Having exit interviews that allow for full transparency with departing employees can help identify which of these issues are recurring more than they should at a company. Once identified, a professional services business should work quickly to address their major causes for losing employees and improve the circumstances that are pushing away employees at a faster rate than normal. This will look different for every business, but there are several actions that every business should take to retain and optimize their employee base.

Hire Right

The process of turnover is often seen as a great employee slowly becoming dissatisfied with their position and looking for something new in their career. But turnover can often start at the very beginning of a person’s time with a company due to job mismatch.

Given how much replacing an employee can cost a company, it can be tempting for managers to fill a role as quickly as possible to reduce financial impact. However, correctly hiring for a job will have a huge effect in the long and short term.

If a resource is not the right fit for a position, their skills mismatch can result in almost immediate dissatisfaction, faster turnover (due to either the resource resigning or being let go due to poor performance), and a negative impact on related projects that their skills are not properly aligned with. According to, wrong hires and the turnover they cause can cost a company anywhere from $240K to $850K per employee.

Before hiring for an empty or brand new position, every company (and the relevant managers) should ask themselves several questions.
Is this position best served by a full-time, part-time, or contract employee?
What are the exact skills we need and how do they align with our project demands?
What skills are absolutely necessary at the start and what can be gained through ongoing training?
Will this position have the same responsibilities in a year? Two years? Five years?
What is the intended internal career path for someone in this position?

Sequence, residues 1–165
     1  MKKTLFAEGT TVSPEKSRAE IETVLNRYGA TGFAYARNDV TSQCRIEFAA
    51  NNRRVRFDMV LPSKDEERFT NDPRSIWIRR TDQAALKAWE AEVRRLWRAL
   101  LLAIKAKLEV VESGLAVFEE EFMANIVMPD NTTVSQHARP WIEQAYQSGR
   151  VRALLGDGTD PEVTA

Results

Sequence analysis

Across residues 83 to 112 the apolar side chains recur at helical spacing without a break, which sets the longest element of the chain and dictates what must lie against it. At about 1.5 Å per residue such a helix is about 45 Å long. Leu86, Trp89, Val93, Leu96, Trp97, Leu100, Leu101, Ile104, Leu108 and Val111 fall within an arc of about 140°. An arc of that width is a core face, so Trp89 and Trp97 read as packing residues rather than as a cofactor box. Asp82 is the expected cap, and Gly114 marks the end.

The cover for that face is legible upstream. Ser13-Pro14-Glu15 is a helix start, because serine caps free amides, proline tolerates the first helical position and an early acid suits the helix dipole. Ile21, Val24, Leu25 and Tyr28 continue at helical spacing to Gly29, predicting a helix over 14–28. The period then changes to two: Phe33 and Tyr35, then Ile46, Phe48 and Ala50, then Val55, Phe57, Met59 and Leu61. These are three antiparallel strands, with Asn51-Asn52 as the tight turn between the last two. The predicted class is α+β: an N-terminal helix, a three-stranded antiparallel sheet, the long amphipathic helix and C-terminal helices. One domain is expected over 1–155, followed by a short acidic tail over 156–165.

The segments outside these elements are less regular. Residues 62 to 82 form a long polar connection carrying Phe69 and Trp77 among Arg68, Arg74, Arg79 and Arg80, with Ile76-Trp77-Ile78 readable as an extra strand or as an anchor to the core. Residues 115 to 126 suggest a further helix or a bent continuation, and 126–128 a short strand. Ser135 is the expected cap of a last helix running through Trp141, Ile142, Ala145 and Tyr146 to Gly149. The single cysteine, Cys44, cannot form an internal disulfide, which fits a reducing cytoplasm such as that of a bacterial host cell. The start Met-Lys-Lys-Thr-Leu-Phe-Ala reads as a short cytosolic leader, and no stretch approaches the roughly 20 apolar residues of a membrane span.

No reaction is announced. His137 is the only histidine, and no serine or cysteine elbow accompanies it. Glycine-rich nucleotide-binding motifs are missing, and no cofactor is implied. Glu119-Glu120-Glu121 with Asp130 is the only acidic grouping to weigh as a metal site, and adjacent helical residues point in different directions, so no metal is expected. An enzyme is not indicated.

How will raises, promotions, and changes in benefits be handled for this position?
Understanding what you need, the ideal long-term impact of the employee, and how they will affect your current business processes can mean a greater alignment between new hire decisions and business success, reducing turnover and creating maximum return on investment for your organization.

Know Which Skills Make Your Employees Special

Every employee that leaves a company takes their specific skills with them when they leave. These are the skills that led to them being hired and the skills that helped complete each project they were assigned during the course of their tenure. However, a professional services business may not fully realize everything a team member provided until they’re gone. So it’s critical to both fully understand and use the skills being brought to the table by each team member. When this isn’t done, employees are most likely to leave for a company that will appreciate and use their many different skills.

As professional services companies grow, data silos and team silos become more prevalent, creating blindspots across the business. When these blindspots make it hard to see which resources have which skills and which upcoming roles require certain skills, they can cause decision-makers to poorly use their employees, assigning them to the same tasks over and over again and preventing them from finding new opportunities within the organization. Even worse, silo-created blindspots may reduce utilization rates, keep valued employees stuck on the bench, cause businesses to hire new employees for skills they don’t know they already have, and hurt intracompany communication. The result is an even greater siloing of departments that leaves valuable employees feeling stagnant, underappreciated, unseen, and even trapped. Their only solution will be to leave for a new opportunity.